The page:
It is said that many of the Tsar's most highly commended acts have been prompted by his lovely wife, who is a true helpmate in every sense of the word. The look of settled melancholy on the face of the Tsarina has lead many to suppose the marriage is an unhappy one. But those who write of the home life of the imperial family assure us that the marriage was one of love. The Tsar's affection for his wife dates from the time when she was a child of twelve, and they met at the Grand Duchess Serge's wedding. She was twenty-two when the subject of marriage was broached and at first she opposed it, but an enormous pressure was brought to bear on every side and she finally yielded her consent. It meant closer relations with Germany and England, and a woman of royal blood must consider political advantages. At first her grandmother, Queen Victoria, with-held her consent to the marriage on the ground that Princess Alix was too young and too delicate for the anxieties and responsibilities of a Russian throne. The necessary change of religion made Princess Alix waver again and again in her decision. She clung to the evangelical faith in which she had been brought up, while as tsarina she must be a member of the Greek Orthodox Church. Teachers were sent from Russia to instruct her in the Greek faith, and at last she consented to marry the coming Tsar. She has discharged the duties of her position with even a stronger sense of duty than her predecessor, the Dowager Tsarina Dagmar, and has the good of her empire at heart. She is a woman of cool judgment and her advice is always good and well-balanced. She takes life seriously, but is always cheerful and amiable. One of her most earnest endeavors has been to ameliorate the lot of the women of the poorer classes.
Right: Tsarina Alexandra in the uniform of her Uhlan regiment.
Unfortunately the Tsarina is very reserved and extremely sensitive. In the midst of a court circle she is ill at ease and apt to relapse into silence. She has not the abandon or familiarity characteristic of the Russians. They do not deny her charm, her beauty, her virtues, her many talents, but they do not like to be kept at a distance. But an empress who has no sons is even worse than an empress who is silent and distant among the courtiers. Her first four children were all daughters, and the nation was greatly disappointed that the Tsar had no son and heir. But the recent birth of an heir to the Russian throne is regarded by the people as a mark of divine favor, and the Tsarina is no longer looked upon with displeasure. The Tsar and Tsarina are devoted to their four sweet little daughters and love them as dearly as if they had been heirs to the crown. When the little Grand Duchess Olga was born, the Tsar is reported to have said: "I am glad the child is a girl; had it been a boy he would have belonged to the people; being a girl, she belongs to us."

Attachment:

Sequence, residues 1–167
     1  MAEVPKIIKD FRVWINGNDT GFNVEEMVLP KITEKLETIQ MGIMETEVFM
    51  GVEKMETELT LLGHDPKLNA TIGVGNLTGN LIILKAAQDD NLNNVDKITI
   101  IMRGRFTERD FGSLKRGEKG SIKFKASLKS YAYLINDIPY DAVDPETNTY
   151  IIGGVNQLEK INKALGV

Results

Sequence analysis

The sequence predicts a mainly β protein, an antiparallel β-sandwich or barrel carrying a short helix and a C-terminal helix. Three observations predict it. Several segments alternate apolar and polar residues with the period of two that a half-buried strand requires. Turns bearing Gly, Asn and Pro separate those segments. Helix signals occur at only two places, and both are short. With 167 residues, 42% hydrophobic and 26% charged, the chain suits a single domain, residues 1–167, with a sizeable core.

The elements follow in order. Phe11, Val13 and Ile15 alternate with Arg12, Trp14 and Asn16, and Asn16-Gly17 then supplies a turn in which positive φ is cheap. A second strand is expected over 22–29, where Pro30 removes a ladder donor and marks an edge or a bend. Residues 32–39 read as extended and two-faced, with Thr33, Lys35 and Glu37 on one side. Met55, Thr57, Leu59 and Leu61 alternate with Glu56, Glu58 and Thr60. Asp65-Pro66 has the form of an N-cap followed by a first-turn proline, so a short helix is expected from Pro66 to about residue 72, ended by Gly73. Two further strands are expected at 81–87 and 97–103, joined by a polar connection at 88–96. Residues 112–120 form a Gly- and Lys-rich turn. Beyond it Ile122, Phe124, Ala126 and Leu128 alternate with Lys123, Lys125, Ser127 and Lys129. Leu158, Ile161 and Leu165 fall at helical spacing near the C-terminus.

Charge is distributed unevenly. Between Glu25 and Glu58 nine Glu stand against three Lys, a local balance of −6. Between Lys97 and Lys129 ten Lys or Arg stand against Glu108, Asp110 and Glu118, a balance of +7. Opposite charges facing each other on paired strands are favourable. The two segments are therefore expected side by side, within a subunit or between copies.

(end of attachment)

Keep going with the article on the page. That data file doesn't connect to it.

The Tsar has many palaces, but those lie most frequently occupies are the Winter Palace in St. Petersburg, Peterhof, and Tsarskoye Selo in the suburbs of the city, and Livadia in the Crimea. The favorite sojourning place of the imperial family is at Tsarskoye Selo where they have a simple quiet life apart from the wearisome routine of court functions. Though the Tsar and Tsarina of Russia are the richest sovereigns in the world they are very simple in their tastes. The Tsarina used to be almost puritanical in her ideas of dress, and even now she despises showy attire.